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June 06, 2007

One Question About Marketing Largesse

Nplccbkm1ng

What in the world did the Olympic Committee get for $800,000 that it could not have received for $800?

I don't care if it was objectively the best logo in the history of mankind, it's not the logo that makes the brand, and thus it's not going to be worth $800k. How many world-class Olympic athletes could have been trained for $799,200? It seems that would have gone further to advance the brand than a logo -- bad or good.

Here are some more detailed takes on it. If you haven't yet, I encourage you to check them out.
David
Scott
Lewis
Mack
Seth

- Cam Beck

P.S. As an aside, does anyone not know where the 2012 Olympics will be held? I'm not one to advocate being intentionally bad for the sake of getting noticed and to get the message out, but does anyone think that might be an issue at play here?

Update: Valeria has picked up on this last theme and ran with it. In her mind, the conversation generated by this logo was worth the expense.

As I said on Mack's blog, I don't think the logo will hurt the brand of the Olympics, since brands aren't built on logos, and as I said here, it's of some note that THERE IS NO QUESTION where the 2012 Olympics will be held -- so I think it's clear that London is getting some great mileage from this "controversy." However, my original question, "What in the world did the Olympic Committee get for $800,000 that it could not have received for $800?"... still stands. :)

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Comments

Cam,

nice round up of links. Thanks for pulling together!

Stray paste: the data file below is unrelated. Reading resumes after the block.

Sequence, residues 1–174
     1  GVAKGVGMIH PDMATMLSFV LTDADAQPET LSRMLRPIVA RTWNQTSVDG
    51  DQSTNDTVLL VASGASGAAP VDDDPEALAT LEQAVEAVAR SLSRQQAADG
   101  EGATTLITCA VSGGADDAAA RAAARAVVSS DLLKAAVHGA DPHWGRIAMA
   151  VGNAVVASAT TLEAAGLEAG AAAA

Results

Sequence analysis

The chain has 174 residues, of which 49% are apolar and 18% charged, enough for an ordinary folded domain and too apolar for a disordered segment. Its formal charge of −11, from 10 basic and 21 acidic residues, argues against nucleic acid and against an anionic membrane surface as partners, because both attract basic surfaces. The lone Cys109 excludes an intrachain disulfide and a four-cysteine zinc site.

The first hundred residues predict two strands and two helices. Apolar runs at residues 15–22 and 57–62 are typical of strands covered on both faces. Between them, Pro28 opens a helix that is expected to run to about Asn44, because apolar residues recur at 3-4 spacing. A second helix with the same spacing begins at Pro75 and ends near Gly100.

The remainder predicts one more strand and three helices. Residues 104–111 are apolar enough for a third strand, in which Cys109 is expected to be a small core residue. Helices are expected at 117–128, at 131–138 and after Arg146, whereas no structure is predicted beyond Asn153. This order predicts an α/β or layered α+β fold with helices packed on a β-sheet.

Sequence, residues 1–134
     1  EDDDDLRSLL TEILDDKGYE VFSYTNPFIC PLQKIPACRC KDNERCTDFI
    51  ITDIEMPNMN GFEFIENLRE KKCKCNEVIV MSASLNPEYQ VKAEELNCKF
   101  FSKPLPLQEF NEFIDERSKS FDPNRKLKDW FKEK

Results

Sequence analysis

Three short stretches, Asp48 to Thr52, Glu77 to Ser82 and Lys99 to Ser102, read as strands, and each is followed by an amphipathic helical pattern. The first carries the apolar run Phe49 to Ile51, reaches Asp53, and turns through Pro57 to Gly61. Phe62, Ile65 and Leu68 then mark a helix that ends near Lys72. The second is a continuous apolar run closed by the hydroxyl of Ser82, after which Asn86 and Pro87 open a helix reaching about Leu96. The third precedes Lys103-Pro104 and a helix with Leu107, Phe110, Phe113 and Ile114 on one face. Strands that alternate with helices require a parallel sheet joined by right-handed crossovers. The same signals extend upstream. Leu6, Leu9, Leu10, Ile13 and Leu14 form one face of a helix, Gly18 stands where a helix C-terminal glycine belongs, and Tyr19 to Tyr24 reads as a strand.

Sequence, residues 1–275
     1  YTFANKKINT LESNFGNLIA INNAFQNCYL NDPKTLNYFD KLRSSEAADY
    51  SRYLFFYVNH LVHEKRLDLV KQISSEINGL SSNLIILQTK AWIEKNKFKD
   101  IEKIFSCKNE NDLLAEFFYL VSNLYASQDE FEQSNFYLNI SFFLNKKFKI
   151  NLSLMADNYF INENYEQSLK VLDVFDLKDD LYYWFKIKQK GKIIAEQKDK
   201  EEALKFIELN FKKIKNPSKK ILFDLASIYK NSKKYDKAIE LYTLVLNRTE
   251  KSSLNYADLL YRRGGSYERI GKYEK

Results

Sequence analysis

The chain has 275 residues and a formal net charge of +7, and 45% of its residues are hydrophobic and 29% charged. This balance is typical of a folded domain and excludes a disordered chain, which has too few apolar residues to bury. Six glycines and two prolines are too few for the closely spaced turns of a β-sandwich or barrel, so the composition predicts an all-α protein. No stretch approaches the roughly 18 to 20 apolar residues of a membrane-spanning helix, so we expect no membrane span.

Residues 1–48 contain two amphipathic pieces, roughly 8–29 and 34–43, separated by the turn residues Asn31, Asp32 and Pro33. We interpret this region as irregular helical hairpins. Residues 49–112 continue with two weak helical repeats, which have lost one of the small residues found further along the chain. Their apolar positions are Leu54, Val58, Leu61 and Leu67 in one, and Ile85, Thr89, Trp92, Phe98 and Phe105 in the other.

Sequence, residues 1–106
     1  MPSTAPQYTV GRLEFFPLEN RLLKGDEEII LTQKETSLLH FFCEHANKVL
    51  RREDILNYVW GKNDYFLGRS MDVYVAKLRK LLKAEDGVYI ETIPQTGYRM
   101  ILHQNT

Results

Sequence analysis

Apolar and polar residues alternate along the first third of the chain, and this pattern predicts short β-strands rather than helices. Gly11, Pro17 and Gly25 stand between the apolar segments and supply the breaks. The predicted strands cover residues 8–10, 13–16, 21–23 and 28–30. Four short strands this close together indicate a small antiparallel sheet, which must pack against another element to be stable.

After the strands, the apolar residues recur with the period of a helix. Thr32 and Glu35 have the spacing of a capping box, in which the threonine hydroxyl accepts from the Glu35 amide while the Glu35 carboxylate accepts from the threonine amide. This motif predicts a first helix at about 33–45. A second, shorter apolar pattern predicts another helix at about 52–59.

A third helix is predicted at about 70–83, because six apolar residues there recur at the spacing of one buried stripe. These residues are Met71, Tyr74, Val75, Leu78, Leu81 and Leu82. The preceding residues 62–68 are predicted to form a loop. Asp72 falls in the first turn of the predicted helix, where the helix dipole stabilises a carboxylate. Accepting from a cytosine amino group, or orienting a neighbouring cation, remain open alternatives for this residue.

Cam,

Thanks for sharing your point of view. Valeria is correct: No matter what we may thing of this logo or its cost, it seems to be creating buzz. However good buzz five years prior to an event may be it is short-term. And I agree, no logo is worth $800,000 or even more than a $1000.

Lewis - There are so many great perspectives on this issue... I'm enjoying the discussion immensely. I agree with Valeria, too, that the buzz being generated by this, since it does not actually damage the brand of either the Olympics or London, might end up being worth $800k, but if it does turn out that way, I think it will have been a complete, happy accident. :)

I remember this same conversation when Atlanta released their logo. What makes it good or bad?

Paul - From an aesthetic perspective, I don't really care for it, but I don't think it's going to hurt the brand in any way. It's such a subjective thing to begin with, and brands aren't established with a logo.

Otherwise, I have only 799,200 reasons to dislike it.

I'm not crazy about the logo. $800,000!! I remember when NBC came out with its new logo that cost more than a million, and it turned out to be very similar to the logo for a PBS station that someone had designed for a few hundred dollars.

The London logo makes me think of modernistic stylized Hebrew letters. Instead of Olympic gold, maybe London will give out Olympic matzoh balls, to go along with the Hebrew theme.

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